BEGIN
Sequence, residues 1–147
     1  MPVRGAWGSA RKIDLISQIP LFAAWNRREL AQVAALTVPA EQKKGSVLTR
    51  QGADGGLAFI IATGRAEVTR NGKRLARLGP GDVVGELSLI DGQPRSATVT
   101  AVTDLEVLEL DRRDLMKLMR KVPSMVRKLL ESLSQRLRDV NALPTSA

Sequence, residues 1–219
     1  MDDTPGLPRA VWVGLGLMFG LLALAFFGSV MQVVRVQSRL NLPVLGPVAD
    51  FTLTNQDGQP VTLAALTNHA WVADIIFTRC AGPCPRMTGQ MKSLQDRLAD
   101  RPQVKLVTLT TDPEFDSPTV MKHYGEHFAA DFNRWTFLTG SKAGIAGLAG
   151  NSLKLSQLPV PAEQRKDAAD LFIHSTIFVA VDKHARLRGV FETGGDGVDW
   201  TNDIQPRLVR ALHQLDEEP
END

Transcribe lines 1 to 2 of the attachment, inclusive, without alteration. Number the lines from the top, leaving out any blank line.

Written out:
Sequence, residues 1–147
     1  MPVRGAWGSA RKIDLISQIP LFAAWNRREL AQVAALTVPA EQKKGSVLTR